Supporting Comparative Regional Analysis Across the UK: Evaluating the Availability, Comparability and Dissemination of Northern Ireland’s Socioeconomic Data

The need for high quality regional and national economic indicators has repeatedly received attention in independent reviews of UK economic statistics. Such indicators play a key role in supporting policymaking at the UK level as well as across the devolved nations of Northern Ireland, Scotland and Wales. Further devolution, the UK’s departure from the European Union, and the UK government’s ‘levelling up’ agenda have again renewed interest in subnational data with a particular emphasis on subnational data gaps and the coherence and comparability of data across the UK.

In this project, we focus on Northern Ireland. The report’s overarching aim is to evaluate gaps in Northern Ireland’s economic data provision with the goal of supporting greater comparability and alignment with data available for the rest of the UK. The report therefore has three contributions. First, we consider key categories of indicator (for example, headline economic indicators, business and labour market indicators, health indicators etc.) and assess the extent to which Northern Ireland has data gaps relative to the rest of the UK.

We evaluate just over 150 economic and socioeconomic Northern Ireland indicators, 138 of which are publicly available. This is not an exhaustive list of available socioeconomic statistics but by considering a large sample of indicators from multiple categories, we can draw useful conclusions about the state of data availability. To assess whether there are gaps, we consider whether Northern Ireland has indicators which are, at a minimum, conceptually comparable (i.e., based on different data sources but measuring the same concept) with indicators available for the rest of the UK. We also consider whether Northern Ireland indicators are produced with the same level of geographic granularity and publication frequency as in other parts of the UK. Importantly, the majority of the Northern Ireland indicators we evaluate are classified as Official Statistics or Accredited Official Statistics (formerly National Statistics). While these classifications do not necessarily indicate that comparability is possible, it indicates a level of quality in the production of statistics.

This leads to our second contribution. The GSS have a dedicated Statistical Coherence Programme co-ordinated by the Office for National Statistics (ONS) to improve the comparability and coherence of UK data. Consequently, this report does not seek to evaluate the coherence and comparability of Northern Ireland indicators with the rest of the UK on an indicator-by-indicator basis. Rather, our report discusses some of the potential risks which can arise from focusing on data which is fully or directly comparable but not drawing users’ attention to indicators which are, for example, meaningfully or conceptually comparable.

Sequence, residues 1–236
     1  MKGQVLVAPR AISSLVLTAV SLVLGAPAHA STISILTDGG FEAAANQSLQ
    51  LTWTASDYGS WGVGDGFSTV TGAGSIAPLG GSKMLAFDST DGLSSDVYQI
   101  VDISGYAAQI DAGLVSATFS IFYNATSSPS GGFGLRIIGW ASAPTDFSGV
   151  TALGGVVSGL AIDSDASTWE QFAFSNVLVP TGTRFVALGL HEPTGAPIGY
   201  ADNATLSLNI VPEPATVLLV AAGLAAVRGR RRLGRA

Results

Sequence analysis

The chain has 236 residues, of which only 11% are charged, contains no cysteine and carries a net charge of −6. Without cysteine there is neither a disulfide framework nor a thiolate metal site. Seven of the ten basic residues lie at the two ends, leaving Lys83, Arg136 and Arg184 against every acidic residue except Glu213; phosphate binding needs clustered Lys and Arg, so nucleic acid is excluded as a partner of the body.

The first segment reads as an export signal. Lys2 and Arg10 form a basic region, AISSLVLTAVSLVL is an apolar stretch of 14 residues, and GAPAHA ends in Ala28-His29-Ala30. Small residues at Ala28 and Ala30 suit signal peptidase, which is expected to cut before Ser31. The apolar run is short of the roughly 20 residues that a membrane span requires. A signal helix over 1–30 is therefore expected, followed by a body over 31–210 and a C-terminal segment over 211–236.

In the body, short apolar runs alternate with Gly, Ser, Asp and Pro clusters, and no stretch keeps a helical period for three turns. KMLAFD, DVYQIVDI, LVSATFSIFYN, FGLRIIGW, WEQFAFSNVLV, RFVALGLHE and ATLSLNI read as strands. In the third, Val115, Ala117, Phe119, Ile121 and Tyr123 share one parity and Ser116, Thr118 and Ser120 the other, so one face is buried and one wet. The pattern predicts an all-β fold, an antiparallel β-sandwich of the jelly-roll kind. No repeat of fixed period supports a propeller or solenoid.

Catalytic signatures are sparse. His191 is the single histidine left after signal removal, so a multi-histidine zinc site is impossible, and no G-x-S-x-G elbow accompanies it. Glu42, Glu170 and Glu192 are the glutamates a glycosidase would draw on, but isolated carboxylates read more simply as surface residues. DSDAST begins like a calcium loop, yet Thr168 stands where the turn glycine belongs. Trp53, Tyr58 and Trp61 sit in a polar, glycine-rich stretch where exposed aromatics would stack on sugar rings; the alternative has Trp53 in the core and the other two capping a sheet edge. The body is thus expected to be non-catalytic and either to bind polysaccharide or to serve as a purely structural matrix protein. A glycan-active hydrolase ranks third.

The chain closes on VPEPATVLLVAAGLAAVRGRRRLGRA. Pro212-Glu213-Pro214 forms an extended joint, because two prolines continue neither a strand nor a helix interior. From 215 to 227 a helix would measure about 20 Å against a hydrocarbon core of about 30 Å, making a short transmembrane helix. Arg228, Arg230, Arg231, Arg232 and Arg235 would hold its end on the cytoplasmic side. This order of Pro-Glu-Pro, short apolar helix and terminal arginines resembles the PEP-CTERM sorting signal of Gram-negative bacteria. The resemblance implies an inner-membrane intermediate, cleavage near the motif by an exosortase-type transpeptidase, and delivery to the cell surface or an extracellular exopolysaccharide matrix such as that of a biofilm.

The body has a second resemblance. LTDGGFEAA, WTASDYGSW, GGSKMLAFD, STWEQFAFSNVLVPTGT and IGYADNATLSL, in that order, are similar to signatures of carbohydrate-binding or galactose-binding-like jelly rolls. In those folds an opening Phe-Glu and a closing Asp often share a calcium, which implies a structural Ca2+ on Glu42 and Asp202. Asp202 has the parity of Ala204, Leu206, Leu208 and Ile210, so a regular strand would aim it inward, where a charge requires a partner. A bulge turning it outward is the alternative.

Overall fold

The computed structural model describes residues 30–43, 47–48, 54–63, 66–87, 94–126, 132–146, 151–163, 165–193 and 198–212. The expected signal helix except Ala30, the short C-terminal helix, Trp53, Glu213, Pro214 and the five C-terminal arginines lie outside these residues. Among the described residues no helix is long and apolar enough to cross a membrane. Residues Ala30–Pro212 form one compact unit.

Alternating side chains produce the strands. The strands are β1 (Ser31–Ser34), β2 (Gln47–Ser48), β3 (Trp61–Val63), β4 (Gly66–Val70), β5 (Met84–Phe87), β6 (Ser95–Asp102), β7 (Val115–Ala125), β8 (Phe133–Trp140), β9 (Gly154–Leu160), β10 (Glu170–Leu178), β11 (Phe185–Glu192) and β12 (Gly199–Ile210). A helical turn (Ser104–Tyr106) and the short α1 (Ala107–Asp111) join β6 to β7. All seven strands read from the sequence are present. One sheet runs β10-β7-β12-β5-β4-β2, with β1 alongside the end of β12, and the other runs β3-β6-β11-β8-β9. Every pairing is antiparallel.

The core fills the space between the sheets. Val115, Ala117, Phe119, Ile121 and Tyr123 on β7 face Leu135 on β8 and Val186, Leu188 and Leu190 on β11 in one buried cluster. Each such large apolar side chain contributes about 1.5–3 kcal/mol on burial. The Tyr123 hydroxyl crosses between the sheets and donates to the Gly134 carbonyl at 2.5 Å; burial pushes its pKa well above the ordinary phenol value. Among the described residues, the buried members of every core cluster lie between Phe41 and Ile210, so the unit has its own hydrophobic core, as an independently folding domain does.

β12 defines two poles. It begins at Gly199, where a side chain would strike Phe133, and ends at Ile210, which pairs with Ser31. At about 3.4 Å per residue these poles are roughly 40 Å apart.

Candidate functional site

To aid our discussion, we present a comparability spectrum with six tiers, which builds on internal guidance issued by the Department for Levelling Up Housing and Communities to analysts across UK Government Departments. Our six tiers include: full comparability; direct comparability; meaningful comparability; conceptual comparability and coherence; conceptual comparability but not yet coherence; and data which is not comparable. The latter implies that at least one nation may have a data gap. We will also discuss the difference between comparability and coherence in a subnational context and other important considerations when making cross-UK data comparisons. These nuances and the spectrum of comparability can be difficult for data producers to articulate users which has important implications, particularly when disseminating data.

A third contribution of this report is that it provides the opportunity to take stock as the GSS makes progress implementing the initiatives described in the subnational data strategy. Specifically, the report discusses issues relating to several of the strategy’s key themes including collaboration between different UK data producers and users, coherence and comparability, and data access and dissemination.

Having drawn out a number of key findings and prioritised areas of action, the report then provides a roadmap for future development via 12 recommendations on: data comparability and coherence; data access, sharing, and dissemination; model-based estimation and administrative data; and developing Northern Ireland indicators to further support policymaking. Importantly, while we focus on Northern Ireland, several themes and recommendations raised are likely to be applicable to the devolved nations of Scotland and Wales.